I'm so pleased to welcome Jannine Corti Petska as my guest author today!
Welcome, Jannine. Please introduce yourself. Tell us a little about the person behind the pen.
I’m Jannine Corti Petska, author of historical romances. I began writing 30 years ago when my three daughters were young. I’m a native of New York although I’ve lived in Southern California since the age of three. I have 6 grandchildren, 3 Rat Terriers and one husband!
Why did you decide to write historical romances? What is the appeal?
I hated history in school, mostly due to the fact that my teachers were boring. (I loved and excelled in English grammar and writing.) It’s rather odd that I’d end up researching and writing historicals. But thanks to Kathleen Woodiwiss and Johanna Lindsey, I was hooked. I discovered how much I had missed by not paying attention in my history classes. I suppose I’m making up for it now, lol.
Stories of romance mixed with the historical background goes hand-in-hand for me. A romance can come out of any situation. I become a part of the history and travel to places I’d never been or would never go to.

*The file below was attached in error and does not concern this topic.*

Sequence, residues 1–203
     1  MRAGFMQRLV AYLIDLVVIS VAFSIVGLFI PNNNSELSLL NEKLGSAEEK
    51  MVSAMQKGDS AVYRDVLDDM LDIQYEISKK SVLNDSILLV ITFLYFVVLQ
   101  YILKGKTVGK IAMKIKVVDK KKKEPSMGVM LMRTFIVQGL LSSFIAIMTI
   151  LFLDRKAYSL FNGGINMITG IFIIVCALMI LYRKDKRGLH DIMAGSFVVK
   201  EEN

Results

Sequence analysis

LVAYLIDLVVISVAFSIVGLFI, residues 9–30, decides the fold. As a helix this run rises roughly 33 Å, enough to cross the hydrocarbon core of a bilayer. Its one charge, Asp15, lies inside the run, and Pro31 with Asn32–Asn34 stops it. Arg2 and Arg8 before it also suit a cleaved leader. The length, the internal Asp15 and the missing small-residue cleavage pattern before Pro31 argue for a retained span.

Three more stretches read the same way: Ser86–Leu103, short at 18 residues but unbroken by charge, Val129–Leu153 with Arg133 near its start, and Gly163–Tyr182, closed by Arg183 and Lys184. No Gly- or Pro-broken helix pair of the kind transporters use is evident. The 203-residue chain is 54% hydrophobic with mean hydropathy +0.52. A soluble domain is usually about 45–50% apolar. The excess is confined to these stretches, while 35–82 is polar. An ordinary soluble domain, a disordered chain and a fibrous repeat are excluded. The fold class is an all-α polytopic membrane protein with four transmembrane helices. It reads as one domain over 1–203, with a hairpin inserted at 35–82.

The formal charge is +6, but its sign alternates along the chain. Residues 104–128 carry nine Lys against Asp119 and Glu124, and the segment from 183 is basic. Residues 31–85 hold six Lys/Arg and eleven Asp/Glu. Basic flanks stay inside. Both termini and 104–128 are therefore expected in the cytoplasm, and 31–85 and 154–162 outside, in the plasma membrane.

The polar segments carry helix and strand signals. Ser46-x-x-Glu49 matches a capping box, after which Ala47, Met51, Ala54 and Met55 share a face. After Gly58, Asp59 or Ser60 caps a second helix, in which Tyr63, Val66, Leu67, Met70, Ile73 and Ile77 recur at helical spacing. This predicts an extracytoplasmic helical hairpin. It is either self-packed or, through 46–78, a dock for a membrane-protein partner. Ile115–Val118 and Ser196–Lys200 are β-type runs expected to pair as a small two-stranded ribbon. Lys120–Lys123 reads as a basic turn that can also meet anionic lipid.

How much research goes into your books, and how do you tackle that?
An idea for a story will pop into my head. Setting depends on the story’s plot. Then I establish my hero and heroine, names included. That’s always been a must for me before I begin to write. I lived in libraries, searched used book stores and library book sales, and antique stores to find books on the subject I needed. When I started, there wasn’t the internet. Now, however, the internet is the first place I go to learn more about the era I plan to use. I rarely step foot into a library these days. Having over 2000 research books in my home library helps me stay home while I work on the research. Still, it takes several months to compile my notes. And I continue to research during the writing process.